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S & H Concert Review

Xenakis: Designer in Sound, Nicolas Hodges (pf), Hilary Summers (mezzo), Linda Hirst (mezzo), Mark van de Wiel (bass clarinet), London Sinfonietta, Diego Masson, QEH, 7th October, 2003 (AR)

The London Sinfonietta opened their 2003/4 season with ‘Xenakis: Designer in Sound’ - a tribute to that radical explorer and creator of sounds, who died in 2001. With the Sinfonietta also celebrating the 20th year of its education programme dedicated to bringing contemporary music to a wider audience, 300 young pupils were invited to this concert as part of their Xenakis Project.

The concert opened with Ohko, for three djembes, the composer’s fifth and last major percussion piece. The pulse and rhythm of West African drumming become transmogrified into a conflict between time and space, through the varying degrees of tension and density of sound, sometimes loud, sometimes soft. The three players constitute a unified body of sound one moment and then suddenly become conflicting forces, varying their attacks through intensity of sound; even in the quietest moments the tension of the piece remains. The playing itself had great magnetic intensity, invested with a kind of raw, nervous animal sexuality. The three drummers acquitted themselves superbly.

Next came Something Rich and Strange, a ten-minute film clip from film director Mark Kidel’s 50-minute documentary on the composer produced by the BBC in 1991. We see images of Xenakis juxtaposed with rather kitsch Greek Tourist Board images of goats and hillsides bathed in an aura of hazy light which seemed to run counter to extracts of the composer’s music. With Echange (1989) Xenakis moves away from the mathematical and architectonic – his trade marks – to the more lyrical and organic. Here the soundworld is one of violently contrasting textures with the woodwind sounding like razor sharp knives cutting through the silky textures of the other players.

Eonta (1963) could well be described as a choreographic poem for piano and brass. As a form of musical promenade theatre the brass players move around the platform as they play and on a couple of occasions they played into the piano itself. Xenakis makes the brass play in a very intense, distorted manner, taking their instruments to extremes in pitch, making extraordinary sounds, often appearing as if they were in conversation with each other. Some times, it seemed reminiscent of Giovanni Gabrieli and at others more like crowds of shouting people.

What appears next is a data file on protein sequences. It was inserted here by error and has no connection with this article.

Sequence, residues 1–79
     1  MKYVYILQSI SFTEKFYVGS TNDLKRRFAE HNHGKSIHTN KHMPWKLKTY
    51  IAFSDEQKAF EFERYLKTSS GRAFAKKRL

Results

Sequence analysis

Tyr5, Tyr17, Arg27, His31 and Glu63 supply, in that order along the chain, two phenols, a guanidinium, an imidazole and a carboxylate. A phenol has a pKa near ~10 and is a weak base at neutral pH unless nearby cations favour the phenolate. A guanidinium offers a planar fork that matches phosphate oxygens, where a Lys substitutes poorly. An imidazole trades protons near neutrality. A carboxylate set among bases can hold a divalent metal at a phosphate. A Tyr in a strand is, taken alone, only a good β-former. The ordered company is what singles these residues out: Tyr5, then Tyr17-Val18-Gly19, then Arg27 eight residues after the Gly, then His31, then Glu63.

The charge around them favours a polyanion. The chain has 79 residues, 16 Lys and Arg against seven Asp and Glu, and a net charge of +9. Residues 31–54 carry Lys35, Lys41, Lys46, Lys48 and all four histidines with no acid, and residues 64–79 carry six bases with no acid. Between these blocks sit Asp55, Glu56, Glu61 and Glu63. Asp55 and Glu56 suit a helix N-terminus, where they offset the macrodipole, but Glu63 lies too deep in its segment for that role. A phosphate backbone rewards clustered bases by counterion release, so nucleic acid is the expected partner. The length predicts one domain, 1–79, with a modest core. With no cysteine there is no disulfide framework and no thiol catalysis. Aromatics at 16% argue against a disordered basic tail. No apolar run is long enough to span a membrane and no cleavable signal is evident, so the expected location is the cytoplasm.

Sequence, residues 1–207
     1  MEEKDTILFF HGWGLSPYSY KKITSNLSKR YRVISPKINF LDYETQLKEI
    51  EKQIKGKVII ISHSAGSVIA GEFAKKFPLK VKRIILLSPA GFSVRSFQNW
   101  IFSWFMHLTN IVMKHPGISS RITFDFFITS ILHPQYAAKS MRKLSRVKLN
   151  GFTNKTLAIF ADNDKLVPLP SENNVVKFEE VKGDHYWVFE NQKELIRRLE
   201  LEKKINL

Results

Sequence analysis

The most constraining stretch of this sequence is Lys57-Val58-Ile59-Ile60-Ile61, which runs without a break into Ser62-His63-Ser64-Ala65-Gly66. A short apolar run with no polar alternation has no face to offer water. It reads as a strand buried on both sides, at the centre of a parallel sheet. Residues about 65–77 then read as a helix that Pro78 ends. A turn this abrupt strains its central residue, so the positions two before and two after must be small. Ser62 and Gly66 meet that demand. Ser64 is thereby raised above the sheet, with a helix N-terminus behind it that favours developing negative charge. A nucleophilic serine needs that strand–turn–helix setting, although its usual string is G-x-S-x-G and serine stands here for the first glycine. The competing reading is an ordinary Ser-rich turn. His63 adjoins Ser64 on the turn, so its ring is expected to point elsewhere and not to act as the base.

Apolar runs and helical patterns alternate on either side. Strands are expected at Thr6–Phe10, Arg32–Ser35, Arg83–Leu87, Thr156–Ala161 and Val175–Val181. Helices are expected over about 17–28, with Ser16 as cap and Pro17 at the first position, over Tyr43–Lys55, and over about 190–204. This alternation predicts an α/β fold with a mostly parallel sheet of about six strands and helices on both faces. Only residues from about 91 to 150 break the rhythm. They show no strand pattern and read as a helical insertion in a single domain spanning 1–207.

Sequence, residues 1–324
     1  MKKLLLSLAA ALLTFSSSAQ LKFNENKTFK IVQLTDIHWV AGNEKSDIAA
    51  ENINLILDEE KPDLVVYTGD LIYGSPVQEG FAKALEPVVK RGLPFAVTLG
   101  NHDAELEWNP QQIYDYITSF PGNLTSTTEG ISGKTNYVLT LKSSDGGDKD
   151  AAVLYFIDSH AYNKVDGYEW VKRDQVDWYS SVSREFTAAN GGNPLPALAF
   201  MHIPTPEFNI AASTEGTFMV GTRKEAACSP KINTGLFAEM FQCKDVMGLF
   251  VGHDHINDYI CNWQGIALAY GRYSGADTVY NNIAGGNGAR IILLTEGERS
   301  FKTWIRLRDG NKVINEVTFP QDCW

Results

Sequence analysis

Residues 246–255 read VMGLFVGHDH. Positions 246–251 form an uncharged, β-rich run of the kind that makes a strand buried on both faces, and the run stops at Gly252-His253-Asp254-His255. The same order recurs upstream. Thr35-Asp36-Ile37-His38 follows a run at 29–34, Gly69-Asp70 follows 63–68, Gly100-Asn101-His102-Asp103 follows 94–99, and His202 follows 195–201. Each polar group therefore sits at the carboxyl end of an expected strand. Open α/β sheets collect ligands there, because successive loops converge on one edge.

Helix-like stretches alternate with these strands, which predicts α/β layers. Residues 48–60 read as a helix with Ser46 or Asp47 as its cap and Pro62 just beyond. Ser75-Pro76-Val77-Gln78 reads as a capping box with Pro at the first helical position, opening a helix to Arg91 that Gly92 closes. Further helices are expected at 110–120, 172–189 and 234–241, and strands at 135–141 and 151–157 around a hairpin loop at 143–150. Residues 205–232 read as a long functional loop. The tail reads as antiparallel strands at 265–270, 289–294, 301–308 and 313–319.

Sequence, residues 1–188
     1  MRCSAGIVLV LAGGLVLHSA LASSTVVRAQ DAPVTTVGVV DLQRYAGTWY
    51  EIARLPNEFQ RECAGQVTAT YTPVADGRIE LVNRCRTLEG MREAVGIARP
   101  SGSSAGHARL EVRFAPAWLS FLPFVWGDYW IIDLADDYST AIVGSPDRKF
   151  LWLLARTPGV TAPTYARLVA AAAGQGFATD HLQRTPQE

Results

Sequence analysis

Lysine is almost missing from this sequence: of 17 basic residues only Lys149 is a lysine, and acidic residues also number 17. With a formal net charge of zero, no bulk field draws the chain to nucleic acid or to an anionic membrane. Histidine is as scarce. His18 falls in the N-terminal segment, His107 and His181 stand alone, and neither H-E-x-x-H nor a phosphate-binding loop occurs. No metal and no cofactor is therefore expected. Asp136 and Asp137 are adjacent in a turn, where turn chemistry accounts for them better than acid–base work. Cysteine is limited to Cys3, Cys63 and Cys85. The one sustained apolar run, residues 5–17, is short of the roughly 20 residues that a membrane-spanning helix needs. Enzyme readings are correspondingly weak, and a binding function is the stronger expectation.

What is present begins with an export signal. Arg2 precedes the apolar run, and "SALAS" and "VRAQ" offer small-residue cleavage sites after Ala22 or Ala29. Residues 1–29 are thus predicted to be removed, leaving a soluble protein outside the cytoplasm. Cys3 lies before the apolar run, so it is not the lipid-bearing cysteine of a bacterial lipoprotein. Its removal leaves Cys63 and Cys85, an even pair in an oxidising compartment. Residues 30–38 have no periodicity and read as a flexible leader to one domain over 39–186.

In part two we had a second excerpt from Kidel’s documentary Something Rich and Strange which focused on the composer’s war years, with violent but beautiful imagery of anti-aircraft search lights and gun fire and rioting students being fired upon by Germans, all of which influenced his music. Xenakis also recalls how he was wounded while attacking British tanks during the ‘liberation’ of Athens by the Allies, and how his brush with death led him to exile. Here the imagery and music worked much better together than in the earlier clip.

N’Shima (1975) - meaning breath or exhalation – is taken from a parable by Rabbi Nachman of Bratzlaw called The Emperor’s Daughter and the King’s Son (strikingly similar to Romeo and Juliet). However, Xenakis did not render the text literally and the two mezzo sopranos did not sing words but, as instructed, produced earthy, animal-like sounds, grunting and groaning complementing the more masculine sounding snarls and moans from the wailing horns. However I felt that the textures the women produced seemed rather pallid, with Linda Hirst especially having problems with articulation and projection. Somehow the writing for the voices sounded contrived and just did not come off, sounding far closer to Beckett’s theatre world. In the closing passage, the solo ‘cello of Sally Pendlebury had an extraordinary grainy quality, giving the sensation of a distant wind whirling round the female performers.

The concert concluded with Thallein (1984) - scored for sixteen instrumentalists - an exercise in the interweaving of complex and multiple sound-space structures and multi-layered strata and textures. Here it seemed as if the composer was using the spiralling architecture of shells and landscapes translated into sounds. The constant thuds from the piano seemed to serve as a skeletal structure about which the strings glide, slide and whirl in imploding vortices.

Throughout the entire concert, the conducting of Diego Masson was exemplary, a study in economy of gesture and total command of a fiendishly difficult programme. However, this inspired evening of musical theatre by the versatile London Sinfonietta would have been more appropriate in The Union Chapel or the Round House - the QEH acoustic was often too hard and dry for such intricate and intense sounds to emerge unscathed.

This concert will be broadcast on BBC Radio 3 in the near future.

Alex Russell



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